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MEGAMIND - The Story Behind Einstein’s Brain, and How it Was Stolen

Lourenzo Posadas

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Regarded as one of the greatest scientists to have ever lived, the German-born physicist was a global celebrity for developing the Theory of Relativity (in layman's term, “How Everything Works”). Very few people in the world does not know his famous mass energy equation, E=mc2. This, together with his immense contribution to the sciences, has made him a Nobel Prize winner before the previous World War. He was so famous in America during that time that, as written in The New Yorker, he would usually be stopped on the street by people wanting him to explain “that theory.'' 

Einstein, even many years after his death, will still be the subject of many novels, films, plays, and works of music. Being the usual model for mad scientists and absent-minded professors in popular media, with his distinctive hairstyle and expressive face being copied and exaggerated widely. Such is the legacy he left behind that his surname “Einstein” has been made synonymous with the word “genius”.


No doubt people thought of his brain as extraordinarily special, and sprouted interests all throughout on what makes him this “Megamind”. 

During his death, it was already agreed that his body shall be cremated. He did not want to be idolized and worshipped, so “He had left behind specific instructions regarding his remains: cremate them, and scatter the ashes secretly in order to discourage idolaters,” (Burell, 2005). But on April 18, 1955, during an autopsy at the Princeton Hospital, a pathologist named Thomas Stoltz Harvey, removed Einstein’s brain and took it with him, without the permission of the Einstein's family. 

Thomas eventually lost his job at Princeton’s, and went to Philadelphia taking the brain with him. Developing some sort of obsession in uncovering its supposed secrets, he kept the brain in a beer cooler while continuing to practice medicine in Weston, Missouri. Upon losing his medical license, however, he was forced to move again to Lawrence, Kansas as an assembly-line worker in a plastic-extrusion factory. During this time, he cut off the brain into portions that he would eventually send off to different researchers around the world.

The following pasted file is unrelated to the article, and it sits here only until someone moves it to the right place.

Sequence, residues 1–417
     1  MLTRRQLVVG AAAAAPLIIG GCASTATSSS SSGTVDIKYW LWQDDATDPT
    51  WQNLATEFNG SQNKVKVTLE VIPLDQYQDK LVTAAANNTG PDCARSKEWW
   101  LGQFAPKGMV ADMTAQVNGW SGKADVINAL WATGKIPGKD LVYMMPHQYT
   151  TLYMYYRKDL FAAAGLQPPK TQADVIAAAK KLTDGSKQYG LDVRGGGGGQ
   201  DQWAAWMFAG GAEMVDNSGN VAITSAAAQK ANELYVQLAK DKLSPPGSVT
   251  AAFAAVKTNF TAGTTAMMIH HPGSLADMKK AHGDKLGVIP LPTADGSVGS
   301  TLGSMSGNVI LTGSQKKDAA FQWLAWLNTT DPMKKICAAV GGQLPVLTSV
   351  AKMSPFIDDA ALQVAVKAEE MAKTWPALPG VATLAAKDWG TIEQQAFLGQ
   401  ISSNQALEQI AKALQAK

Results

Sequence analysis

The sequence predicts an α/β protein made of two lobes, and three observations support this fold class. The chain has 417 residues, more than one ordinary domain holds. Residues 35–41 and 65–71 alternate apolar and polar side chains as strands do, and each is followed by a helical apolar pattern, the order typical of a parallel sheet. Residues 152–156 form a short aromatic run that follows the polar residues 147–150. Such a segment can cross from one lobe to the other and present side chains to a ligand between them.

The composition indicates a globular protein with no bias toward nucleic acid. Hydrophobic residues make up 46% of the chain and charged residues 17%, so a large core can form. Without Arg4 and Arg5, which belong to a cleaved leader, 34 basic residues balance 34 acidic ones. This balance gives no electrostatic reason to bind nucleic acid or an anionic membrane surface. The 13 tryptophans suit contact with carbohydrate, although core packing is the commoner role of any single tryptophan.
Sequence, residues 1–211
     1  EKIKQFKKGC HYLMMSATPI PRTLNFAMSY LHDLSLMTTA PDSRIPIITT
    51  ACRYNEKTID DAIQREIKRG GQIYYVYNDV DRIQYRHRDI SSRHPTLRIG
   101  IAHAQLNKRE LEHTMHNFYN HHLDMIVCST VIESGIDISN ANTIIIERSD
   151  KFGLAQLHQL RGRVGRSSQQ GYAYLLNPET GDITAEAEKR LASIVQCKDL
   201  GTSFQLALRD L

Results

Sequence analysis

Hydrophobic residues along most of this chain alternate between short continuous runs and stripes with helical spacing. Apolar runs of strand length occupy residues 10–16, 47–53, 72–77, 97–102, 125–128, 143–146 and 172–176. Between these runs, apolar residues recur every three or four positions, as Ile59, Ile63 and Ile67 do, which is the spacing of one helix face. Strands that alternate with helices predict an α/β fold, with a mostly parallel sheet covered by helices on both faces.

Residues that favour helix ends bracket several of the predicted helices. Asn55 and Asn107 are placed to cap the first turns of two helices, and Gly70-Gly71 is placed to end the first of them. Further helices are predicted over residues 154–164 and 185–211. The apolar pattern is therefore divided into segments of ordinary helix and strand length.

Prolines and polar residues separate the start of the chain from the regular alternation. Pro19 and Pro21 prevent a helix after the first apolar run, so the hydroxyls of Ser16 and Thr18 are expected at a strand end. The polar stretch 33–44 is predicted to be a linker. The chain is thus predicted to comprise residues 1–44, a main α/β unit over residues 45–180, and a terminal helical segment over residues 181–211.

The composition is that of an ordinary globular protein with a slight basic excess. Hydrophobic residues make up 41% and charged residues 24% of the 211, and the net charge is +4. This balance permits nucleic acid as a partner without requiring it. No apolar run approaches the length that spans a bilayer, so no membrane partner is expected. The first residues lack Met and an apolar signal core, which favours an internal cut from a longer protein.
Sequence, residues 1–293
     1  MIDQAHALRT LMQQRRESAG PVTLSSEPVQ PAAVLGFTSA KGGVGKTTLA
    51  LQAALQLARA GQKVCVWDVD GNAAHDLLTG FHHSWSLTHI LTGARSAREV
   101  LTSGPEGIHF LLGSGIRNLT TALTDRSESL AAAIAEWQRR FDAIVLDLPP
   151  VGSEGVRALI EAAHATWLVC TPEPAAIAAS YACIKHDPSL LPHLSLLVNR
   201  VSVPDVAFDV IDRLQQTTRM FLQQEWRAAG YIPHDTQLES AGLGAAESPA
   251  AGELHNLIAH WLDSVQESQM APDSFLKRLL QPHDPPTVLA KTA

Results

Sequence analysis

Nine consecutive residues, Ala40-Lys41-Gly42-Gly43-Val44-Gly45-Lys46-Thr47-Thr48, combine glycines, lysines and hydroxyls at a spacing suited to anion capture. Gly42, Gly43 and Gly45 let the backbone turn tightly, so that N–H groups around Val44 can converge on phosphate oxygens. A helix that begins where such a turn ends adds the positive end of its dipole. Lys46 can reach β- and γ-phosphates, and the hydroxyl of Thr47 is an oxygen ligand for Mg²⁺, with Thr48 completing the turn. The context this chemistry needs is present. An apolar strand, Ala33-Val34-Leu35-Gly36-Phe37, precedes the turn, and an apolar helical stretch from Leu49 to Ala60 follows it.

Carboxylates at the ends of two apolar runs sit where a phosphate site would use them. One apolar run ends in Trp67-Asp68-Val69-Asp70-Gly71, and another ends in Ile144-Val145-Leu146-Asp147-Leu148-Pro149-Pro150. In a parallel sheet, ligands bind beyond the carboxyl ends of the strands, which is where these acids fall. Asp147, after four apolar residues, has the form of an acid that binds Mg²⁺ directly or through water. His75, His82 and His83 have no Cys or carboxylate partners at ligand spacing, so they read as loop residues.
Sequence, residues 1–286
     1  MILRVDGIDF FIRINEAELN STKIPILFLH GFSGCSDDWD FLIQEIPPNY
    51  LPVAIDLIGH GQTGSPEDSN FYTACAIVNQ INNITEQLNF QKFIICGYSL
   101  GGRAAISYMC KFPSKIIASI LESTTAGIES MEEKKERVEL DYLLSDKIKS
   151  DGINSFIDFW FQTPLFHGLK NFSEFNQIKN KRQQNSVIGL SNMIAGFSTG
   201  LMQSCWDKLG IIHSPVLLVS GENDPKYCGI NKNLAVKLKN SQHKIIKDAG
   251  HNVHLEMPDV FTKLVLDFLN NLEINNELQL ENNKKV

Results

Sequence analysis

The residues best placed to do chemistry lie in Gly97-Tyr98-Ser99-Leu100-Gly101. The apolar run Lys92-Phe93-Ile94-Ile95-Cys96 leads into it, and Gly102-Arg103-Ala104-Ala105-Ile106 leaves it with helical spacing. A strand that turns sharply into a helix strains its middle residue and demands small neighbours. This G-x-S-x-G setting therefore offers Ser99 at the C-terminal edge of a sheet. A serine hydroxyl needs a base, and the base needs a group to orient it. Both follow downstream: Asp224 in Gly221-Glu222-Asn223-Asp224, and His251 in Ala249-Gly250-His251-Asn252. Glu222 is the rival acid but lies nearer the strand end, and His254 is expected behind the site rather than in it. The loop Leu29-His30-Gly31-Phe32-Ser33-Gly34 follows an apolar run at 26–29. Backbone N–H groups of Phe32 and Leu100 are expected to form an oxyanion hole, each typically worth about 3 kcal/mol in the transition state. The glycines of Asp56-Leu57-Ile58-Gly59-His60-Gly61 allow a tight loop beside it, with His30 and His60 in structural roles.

Some of the first results would come from California, which published the “First Study of Einstein's Brain.” Eventually, it lead to five other studies that all pointed out to abnormal proportions of different cells in it (neurons and glia), and how this could help uncover the inferiority of a normal human mind. 

But it was proved that the premise is nonsense and the studies bunk, according to Terence Hines, a psychology professor at Pace University. Some things he stated were the inconsistencies of comparison between Einstein’s brain and a couple other fresh, healthy subjects, whereas the aforementioned brain has been fighting-off decay for almost three decades under Thomas’ basement and beer cooler. And how the explanation about enlargements in certain portions of his parietal lobes link to his astounding mathematical prowess, while Hines points out that Einstein was, in fact, not that of a great mathematician. In short, all the results are merely busted myths.


All this proves is that in the end, Einstein was as human as any of us and he knew this. He probably foresaw a future where his brain will be extracted and studied over different laboratories across the globe, prodding over what makes him special. And he knew that in the end, it wouldn’t matter, since they will discover nothing. 

What will make you special, is the moment when you believe yourself as special. As Albert Einstein famously quoted, “I have no special talents. I am only passionately curious.”


#MyLife, #alberteinstein, #didyouknow?, #einstein, #facts, #trivia, #albert

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